The news has been full of the school book disaster in Limpopo, and it is indeed a disaster. We constantly hear of the intransigence of SADTU and the aberrant behaviour of principals and teachers. We don’t understand why after 18 years of democracy there has been so little progress in Governments ability to improve the status of our schools as places of learning. And we are often told that the quality of our maths and science education is the worst in the world. So, is there any hope for education in SA?
Sadly, but it is to be expected, we hardly ever hear of the success stories. And there are hundreds of them. We have a very determined NGO sector in this country, it is estimated that out of approximately 100,000 NGO’s there are 10,000 that have education as their primary focus.
Here is one such success story of how a rural school was transformed and how it impacted the wider community.
By Nadia Rossouw
Since 2008 Phumzile Langa has been the principal at Khanyisa Secondary School, located in Montebello in the remote area of Ndwedwe in KwaZulu-Natal. She was a teacher for 13 years before being appointed in this, her first principal role. When she joined the school as principal, it had a matric pass rate of only 17% compared to last year’s success of 70%.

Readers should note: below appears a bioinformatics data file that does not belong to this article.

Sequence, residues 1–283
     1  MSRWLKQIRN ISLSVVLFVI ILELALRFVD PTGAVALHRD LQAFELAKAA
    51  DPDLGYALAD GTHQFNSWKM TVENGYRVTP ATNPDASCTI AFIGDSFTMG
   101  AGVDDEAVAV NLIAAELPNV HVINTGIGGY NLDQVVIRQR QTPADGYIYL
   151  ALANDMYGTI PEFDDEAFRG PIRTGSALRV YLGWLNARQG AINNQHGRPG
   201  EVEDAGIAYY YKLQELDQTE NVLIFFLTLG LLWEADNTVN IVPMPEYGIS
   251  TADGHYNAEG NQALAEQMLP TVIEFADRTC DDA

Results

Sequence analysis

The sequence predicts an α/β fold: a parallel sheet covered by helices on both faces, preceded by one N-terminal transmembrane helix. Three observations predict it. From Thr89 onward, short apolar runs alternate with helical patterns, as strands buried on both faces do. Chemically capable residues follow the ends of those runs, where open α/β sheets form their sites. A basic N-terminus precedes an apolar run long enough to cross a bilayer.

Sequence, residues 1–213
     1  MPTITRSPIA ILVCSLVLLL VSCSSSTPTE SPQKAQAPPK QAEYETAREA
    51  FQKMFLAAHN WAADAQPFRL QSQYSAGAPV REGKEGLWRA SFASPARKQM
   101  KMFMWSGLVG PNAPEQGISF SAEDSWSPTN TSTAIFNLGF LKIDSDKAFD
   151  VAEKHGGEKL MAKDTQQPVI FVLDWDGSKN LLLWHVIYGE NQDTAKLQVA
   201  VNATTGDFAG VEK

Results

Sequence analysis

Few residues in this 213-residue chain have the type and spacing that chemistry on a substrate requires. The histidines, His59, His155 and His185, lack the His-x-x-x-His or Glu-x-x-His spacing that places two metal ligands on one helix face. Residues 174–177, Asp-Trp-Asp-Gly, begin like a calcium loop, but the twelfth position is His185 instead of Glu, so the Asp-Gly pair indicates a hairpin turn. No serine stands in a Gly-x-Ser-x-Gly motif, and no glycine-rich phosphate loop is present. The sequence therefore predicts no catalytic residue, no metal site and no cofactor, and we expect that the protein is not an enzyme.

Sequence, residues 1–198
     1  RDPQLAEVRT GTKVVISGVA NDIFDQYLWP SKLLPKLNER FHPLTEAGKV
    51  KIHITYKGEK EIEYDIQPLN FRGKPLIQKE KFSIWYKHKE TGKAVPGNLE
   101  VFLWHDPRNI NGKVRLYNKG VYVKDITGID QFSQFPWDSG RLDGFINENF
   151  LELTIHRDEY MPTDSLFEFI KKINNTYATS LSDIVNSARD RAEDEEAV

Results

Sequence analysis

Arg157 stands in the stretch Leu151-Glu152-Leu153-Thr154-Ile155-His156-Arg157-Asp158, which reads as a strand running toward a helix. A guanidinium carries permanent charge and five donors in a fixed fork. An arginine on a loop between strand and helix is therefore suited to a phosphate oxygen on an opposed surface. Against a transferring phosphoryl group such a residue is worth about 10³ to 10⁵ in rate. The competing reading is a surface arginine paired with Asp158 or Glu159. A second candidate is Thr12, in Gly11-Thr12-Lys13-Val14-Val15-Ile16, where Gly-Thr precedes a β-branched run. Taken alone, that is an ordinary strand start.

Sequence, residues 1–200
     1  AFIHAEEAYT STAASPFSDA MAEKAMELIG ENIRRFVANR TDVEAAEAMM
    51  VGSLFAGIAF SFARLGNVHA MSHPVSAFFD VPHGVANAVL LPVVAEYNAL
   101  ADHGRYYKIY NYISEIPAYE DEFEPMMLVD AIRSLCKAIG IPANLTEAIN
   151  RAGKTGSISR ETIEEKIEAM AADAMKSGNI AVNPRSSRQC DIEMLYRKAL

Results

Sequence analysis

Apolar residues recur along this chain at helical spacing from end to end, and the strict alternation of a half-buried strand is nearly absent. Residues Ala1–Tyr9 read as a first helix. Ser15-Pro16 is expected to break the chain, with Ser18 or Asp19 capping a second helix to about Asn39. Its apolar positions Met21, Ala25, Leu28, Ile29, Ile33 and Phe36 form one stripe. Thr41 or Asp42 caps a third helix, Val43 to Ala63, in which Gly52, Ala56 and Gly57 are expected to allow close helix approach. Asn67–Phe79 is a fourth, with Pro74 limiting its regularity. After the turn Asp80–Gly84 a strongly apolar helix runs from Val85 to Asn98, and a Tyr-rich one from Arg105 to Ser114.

In her four and a half years as principal, Langa has drastically improved Khanyisa’s matric pass rate, implemented management systems and enhanced the effective functioning of various working relationships. She has developed the school management team and governing body, as well as increasing parental involvement in the school by initiating parent-learner-teacher meetings to discuss issues and determine solutions.
Langa is also proud of the extra Grade 12 tuition and assessment she has introduced, offering extra lessons and additional tests outside of the normal teaching hours (for example, O Level Сhemistry practical tuition) and during the school holidays. As most learners walk six to ten kilometres to get to school, she has encouraged matric parents to allow their Grade 12 children to rent rooms with local community members to allow them to be near to the school so as to attend the extra classes. A structured revision timetable before exams also ensures that all teachers get enough time to revise with their learners.